The positive impacts of hugs on people’s bodies and minds are well documented. In order for hugs to be healthy, both participants have to be engaged with full, enthusiastic consent. Otherwise, the hug can easily become a negative experience. Don’t Hug the Quokka! By Daniel Enrico provides a lighthearted and friendly introduction to the concept of consent for young children. 

Read an excerpt from the Note to Parents and Caregivers by Karen Rayne, PhD, providing guidance to help your child understand consent. 

Bodily Autonomy and Understanding Consent

The thing to remember about hugs is that they are often the very first kinds of interpersonal touch that children learn to navigate on their own. The rules that are laid around hugs—how to ask for them, how to consent or not consent to them, how to listen to someone else’s consent—are the basis for the tools that children will take into their adolescence and young adulthood.

The basic hallmark is to trust children to draw their own boundaries on their physical bodies. If they don’t want to be hugged or touched, they are allowed to say no. This teaches children that they can be their own person, invites them to actually consider what they do want and need, and increases self-esteem and autonomy. It will also make it easier for them to understand that others have the same right to make decisions about their own bodies—thus learning to accept a no from other people. Helping kids navigate the hug and touch landscape is the start of a lifelong process. These tools translate directly into an adolescent and young adult’s capacity to engage in sexual and romantic relationships clearly, ethically, authentically, and safely. 

When (and How!) to Say No

Helping your child learn to say no to something or someone is difficult for many parents because they did not receive this kind of guidance and support as children themselves. Instead, it tends to come when children are older and many of their habits around consent have already been formed.

Questions and discussion topics to have with your child can include:

  • How do you know if you do not want to hug someone?
  • What are the ways that your body tells you if you do not want to hug someone? (You can talk about the way their body feels in different situations, whether those feelings are comfortable or uncomfortable, and what those feelings might be telling them.)
  • If you do not want to hug a friend, how would you tell them that? What if it were your teacher? What if it were your friend’s parent? (Include additional important people in this question, like family members, clergy members, and others. Model some clear ways to say no, which can be as simple as “No, thank you” or “I don’t want a hug.”)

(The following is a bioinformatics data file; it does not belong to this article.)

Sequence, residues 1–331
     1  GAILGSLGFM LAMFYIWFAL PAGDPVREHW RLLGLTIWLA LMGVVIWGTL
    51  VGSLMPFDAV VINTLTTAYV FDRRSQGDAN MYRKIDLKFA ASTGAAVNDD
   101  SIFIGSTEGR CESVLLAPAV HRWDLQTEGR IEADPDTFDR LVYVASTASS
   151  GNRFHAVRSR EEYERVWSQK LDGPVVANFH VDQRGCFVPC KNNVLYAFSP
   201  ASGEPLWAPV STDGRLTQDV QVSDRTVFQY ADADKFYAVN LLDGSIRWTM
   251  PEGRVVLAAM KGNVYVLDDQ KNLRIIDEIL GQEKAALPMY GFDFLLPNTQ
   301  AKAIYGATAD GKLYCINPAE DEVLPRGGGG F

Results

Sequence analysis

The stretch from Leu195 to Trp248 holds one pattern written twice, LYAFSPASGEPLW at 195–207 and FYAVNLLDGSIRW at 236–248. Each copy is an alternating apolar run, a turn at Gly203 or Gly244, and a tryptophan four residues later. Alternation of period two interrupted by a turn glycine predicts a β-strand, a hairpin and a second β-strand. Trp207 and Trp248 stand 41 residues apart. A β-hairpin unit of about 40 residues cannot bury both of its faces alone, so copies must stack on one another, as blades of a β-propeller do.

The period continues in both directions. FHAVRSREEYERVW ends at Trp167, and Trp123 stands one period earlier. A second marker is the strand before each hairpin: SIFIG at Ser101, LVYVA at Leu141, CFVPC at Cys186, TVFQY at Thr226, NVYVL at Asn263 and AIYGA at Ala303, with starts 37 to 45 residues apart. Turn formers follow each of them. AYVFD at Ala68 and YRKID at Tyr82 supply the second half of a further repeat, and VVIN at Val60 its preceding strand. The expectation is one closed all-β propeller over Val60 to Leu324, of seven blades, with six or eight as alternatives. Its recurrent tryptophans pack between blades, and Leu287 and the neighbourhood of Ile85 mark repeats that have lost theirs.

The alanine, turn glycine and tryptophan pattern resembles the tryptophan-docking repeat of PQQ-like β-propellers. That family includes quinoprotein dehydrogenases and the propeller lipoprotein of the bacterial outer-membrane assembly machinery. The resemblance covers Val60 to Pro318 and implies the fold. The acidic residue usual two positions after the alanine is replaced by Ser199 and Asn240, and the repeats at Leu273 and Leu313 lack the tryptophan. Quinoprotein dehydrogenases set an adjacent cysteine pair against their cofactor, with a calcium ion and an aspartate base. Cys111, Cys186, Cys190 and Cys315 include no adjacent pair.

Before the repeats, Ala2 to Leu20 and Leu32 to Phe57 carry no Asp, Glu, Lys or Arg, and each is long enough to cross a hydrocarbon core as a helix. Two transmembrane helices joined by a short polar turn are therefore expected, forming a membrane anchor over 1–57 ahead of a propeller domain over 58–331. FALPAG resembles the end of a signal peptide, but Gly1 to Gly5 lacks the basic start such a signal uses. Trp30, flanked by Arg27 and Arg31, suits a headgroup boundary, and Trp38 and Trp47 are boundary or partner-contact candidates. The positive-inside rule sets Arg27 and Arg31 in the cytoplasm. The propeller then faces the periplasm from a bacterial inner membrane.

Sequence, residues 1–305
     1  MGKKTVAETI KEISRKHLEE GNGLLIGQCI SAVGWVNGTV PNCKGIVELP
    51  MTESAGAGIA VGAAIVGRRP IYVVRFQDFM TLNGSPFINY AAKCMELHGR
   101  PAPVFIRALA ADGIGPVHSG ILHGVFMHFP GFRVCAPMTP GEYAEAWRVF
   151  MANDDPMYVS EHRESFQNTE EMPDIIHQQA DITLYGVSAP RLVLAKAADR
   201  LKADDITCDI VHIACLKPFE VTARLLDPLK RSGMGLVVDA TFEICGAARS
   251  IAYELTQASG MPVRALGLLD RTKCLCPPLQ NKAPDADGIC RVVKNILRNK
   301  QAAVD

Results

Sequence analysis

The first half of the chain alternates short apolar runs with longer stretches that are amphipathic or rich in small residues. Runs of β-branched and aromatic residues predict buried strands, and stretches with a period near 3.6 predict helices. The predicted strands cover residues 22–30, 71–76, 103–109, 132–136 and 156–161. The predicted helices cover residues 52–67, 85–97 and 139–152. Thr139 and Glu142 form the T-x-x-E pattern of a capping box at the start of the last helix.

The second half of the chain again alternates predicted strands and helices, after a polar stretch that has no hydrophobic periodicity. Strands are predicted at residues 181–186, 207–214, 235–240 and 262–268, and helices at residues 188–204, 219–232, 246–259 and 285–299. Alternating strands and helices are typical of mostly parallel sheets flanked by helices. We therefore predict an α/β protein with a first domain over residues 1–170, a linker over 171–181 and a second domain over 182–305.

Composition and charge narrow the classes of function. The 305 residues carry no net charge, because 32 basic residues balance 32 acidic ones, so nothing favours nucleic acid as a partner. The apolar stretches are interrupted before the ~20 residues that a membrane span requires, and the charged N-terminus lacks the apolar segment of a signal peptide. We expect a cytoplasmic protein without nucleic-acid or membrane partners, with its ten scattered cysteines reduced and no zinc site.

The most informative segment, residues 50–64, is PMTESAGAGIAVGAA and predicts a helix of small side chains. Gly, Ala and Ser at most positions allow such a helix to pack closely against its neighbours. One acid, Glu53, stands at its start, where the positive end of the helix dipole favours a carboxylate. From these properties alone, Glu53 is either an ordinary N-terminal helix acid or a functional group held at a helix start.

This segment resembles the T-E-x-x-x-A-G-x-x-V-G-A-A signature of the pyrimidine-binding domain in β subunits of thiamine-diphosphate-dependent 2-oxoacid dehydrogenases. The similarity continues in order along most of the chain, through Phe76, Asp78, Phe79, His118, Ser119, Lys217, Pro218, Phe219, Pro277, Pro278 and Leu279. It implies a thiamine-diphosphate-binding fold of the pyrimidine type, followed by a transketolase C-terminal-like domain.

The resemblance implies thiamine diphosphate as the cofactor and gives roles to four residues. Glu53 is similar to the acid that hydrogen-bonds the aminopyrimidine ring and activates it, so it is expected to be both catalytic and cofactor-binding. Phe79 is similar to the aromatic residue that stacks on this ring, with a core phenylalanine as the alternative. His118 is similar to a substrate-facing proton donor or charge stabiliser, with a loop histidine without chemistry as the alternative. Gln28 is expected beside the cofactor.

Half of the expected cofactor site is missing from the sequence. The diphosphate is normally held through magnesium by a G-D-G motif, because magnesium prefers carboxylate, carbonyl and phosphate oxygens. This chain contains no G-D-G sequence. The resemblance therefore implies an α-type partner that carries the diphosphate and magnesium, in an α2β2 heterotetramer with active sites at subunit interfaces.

• What would you do if someone tried to hug you without asking first? (Some possibilities include saying “Please ask me before you touch me” and “I don’t like it when people hug me without asking me first.”)
  • What would you do if someone tried to hug you after you had told them no ? (Tell your child that if a person continues to try and hug them, or keeps asking over and over again after the child has said no, the child should get support from an adult (or another adult, if an adult is the one trying to instigate the hug).)

Most children will need the support of their parents when they say no to physical contact, particularly when it is with an adult. Be sure and tell your child clearly that you will support them saying no to a hug with anyone, including family members.

by Daniel Errico

This Article's Author

Daniel Errico is a children's author and producer, and founder of His works have been featured by The United Nations, The Today Show, Good Morning America, Huffington Post, Buzzfeed, USA Today, and many others. He is the creator and head writer of the Hulu Original Series The Bravest Knight, based on a successful short film. Visit him on Twitter and Instagram.

Related Books from Magination Press

  • Don’t Hug the Quokka!

    Daniel Errico


    That quokka may be cute, but does it want a hug? The quokka says “No!” In Don’t Hug The Quokka!, young readers get a lighthearted and friendly introduction to the concept of consent, learning that even the most adorable creatures might not want a hug—unless they say so!

    Consent is a really important topic for parents to introduce to young children, but it can be tricky to do so in a way that’s clear without being frightening. This book is funny and cute, but has a clear message that you have to ask before touching someone else—it’s a good place to start for young kids.